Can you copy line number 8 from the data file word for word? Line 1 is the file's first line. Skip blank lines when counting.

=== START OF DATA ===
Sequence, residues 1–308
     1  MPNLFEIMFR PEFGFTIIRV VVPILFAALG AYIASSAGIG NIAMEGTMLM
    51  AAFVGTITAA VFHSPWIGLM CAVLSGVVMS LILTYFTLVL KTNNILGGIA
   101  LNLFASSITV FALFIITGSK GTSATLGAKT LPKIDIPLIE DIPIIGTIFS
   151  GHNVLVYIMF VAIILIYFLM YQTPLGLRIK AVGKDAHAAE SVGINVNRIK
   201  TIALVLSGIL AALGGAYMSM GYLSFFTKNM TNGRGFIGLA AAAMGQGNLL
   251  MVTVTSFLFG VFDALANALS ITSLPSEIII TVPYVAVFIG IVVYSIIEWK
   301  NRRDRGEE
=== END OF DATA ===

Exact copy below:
   301  NRRDRGEE